I don’t know what I would do without miso. It’s a key element to almost everything I make. I read that in Japan miso is as important as cheese is in France and you can go to specialty stores and seek out whatever miso you like from hundreds of different kinds. There are similarities to the two victuals. Both are craft foods that have been around for hundreds of years and, since they are fermented, vary greatly depending on the ingredients used, the weather, and even the processing. According to Japanese mythology, miso itself is a gift to mankind from the gods to assure lasting health, longevity, and happiness. Basically, it is made by cooking soy beans, mixing them with salt and a culturing agent called koji which is a fermented grain and then it’s aged in wooden vats. I became very interested in making my own after reading Wild Fermentation years back but, with the intense heat in Texas, I’m always a bit leery of trying my luck at fermenting. I’m excited, because later this year in November the author of that book Sandor Ellix Katz is coming to Austin for the fermentation festival so I really want to go and learn more about our unique issues.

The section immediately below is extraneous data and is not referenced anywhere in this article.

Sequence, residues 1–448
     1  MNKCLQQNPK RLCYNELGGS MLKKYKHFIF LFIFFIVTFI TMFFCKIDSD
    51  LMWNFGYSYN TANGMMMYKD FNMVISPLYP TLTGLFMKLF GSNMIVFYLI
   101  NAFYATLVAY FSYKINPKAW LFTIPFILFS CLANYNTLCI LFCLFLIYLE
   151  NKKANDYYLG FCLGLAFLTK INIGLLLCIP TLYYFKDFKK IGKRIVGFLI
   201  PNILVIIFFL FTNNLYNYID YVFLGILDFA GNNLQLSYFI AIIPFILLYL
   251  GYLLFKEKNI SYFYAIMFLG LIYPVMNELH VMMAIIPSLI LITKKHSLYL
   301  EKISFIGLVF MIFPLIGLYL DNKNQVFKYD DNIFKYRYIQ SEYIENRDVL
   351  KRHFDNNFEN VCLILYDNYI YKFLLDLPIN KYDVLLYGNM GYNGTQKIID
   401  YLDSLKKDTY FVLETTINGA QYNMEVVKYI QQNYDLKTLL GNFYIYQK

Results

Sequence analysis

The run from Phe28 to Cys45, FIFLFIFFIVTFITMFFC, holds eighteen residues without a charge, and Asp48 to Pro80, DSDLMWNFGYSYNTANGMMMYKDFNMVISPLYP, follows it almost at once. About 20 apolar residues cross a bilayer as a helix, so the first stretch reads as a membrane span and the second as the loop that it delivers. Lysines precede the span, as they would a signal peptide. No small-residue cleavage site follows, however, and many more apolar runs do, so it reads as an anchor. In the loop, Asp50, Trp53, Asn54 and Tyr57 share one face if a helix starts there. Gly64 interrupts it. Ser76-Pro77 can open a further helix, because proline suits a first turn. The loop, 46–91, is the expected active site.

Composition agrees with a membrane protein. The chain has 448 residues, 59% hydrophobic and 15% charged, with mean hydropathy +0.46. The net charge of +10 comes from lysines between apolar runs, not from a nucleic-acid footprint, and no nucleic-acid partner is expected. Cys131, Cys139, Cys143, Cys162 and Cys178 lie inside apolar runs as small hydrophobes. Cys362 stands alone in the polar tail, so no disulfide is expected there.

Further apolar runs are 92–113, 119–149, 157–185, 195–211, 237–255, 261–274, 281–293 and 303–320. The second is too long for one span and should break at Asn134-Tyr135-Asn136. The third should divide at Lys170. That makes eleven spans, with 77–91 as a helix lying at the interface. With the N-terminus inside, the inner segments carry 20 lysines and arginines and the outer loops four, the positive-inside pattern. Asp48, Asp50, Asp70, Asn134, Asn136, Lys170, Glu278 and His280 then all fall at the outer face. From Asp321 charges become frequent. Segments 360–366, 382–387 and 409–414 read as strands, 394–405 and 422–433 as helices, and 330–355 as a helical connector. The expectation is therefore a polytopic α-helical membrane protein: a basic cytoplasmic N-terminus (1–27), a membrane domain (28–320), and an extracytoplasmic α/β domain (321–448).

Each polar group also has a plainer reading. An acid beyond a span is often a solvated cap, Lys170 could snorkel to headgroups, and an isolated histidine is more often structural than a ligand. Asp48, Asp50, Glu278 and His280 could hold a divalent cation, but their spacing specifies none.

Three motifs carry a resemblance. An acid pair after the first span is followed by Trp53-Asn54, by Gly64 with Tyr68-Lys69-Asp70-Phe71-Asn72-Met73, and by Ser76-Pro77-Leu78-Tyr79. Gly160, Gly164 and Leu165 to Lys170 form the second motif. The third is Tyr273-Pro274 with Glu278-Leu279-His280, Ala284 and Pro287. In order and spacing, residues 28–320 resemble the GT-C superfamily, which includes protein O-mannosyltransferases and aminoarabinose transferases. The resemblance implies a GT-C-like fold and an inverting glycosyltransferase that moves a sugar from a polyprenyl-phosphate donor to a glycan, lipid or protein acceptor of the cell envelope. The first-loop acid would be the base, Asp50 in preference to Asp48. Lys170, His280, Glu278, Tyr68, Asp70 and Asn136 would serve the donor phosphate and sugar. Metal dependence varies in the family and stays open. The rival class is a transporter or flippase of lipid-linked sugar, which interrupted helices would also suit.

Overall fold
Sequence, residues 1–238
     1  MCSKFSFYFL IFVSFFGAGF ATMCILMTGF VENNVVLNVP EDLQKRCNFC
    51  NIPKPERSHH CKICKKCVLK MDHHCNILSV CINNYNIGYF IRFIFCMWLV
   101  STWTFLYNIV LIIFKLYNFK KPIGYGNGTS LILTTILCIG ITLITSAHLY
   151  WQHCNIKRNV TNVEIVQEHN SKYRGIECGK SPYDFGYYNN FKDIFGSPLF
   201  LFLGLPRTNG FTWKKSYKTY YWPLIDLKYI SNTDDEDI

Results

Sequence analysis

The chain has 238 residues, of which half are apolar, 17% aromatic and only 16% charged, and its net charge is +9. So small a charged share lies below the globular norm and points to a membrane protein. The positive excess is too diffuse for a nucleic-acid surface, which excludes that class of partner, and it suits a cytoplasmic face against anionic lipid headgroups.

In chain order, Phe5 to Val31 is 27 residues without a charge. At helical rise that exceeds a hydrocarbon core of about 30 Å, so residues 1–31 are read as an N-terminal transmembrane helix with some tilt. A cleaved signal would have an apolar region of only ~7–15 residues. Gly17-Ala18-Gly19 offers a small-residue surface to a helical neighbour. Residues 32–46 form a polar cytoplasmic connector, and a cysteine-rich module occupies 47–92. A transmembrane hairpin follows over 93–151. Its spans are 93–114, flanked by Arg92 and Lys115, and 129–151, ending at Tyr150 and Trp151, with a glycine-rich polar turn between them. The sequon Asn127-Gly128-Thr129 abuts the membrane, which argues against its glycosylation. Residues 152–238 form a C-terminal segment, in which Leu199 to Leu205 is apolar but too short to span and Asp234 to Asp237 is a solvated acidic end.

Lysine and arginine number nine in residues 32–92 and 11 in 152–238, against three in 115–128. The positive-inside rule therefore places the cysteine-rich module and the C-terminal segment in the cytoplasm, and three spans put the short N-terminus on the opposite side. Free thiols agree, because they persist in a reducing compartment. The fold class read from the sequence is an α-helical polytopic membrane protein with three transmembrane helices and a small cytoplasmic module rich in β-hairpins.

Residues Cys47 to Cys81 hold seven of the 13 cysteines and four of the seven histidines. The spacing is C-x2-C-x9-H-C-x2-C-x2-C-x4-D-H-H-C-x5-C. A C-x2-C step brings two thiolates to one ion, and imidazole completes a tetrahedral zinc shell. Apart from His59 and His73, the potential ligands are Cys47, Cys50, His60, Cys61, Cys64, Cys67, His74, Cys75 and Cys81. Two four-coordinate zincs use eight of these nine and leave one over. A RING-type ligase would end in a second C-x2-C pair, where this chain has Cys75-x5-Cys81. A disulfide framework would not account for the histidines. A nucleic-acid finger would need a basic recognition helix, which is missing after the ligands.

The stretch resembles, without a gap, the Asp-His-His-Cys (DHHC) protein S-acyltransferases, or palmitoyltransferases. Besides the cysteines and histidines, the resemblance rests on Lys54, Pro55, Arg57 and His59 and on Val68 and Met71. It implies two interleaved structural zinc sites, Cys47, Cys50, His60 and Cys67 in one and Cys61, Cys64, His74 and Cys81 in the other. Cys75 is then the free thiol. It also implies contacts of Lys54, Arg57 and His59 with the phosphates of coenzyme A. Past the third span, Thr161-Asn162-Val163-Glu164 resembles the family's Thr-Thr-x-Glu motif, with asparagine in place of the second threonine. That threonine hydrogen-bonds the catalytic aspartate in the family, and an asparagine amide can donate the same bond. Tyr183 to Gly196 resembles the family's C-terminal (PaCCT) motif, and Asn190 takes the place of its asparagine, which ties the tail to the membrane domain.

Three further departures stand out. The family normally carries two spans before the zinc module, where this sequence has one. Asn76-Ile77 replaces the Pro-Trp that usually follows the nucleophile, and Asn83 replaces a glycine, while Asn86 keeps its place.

As it is now, I buy all kinds of miso and usually have a couple of different ones in the fridge. For a while I was hooked on the Dandelion Leek one from South River pictured above but I always have a white on hand and keep trying different kinds. Anywhere where mustard is called for I sub in miso. I love love love simple creamy tahini miso dressing on roasted vegetables, bowls, or even salads. I think miso gravy is amazing. To make any sort of cheesy vegan recipe miso is a must. Of course, most people think of miso soup when they think of miso and I do enjoy the simple Japanese version in the winter but I’ve also learned you can add miso to just about any soup and it will improve it. It’s basically salty fermented goodness packed with protein and probiotics which makes it a perfect vegan food.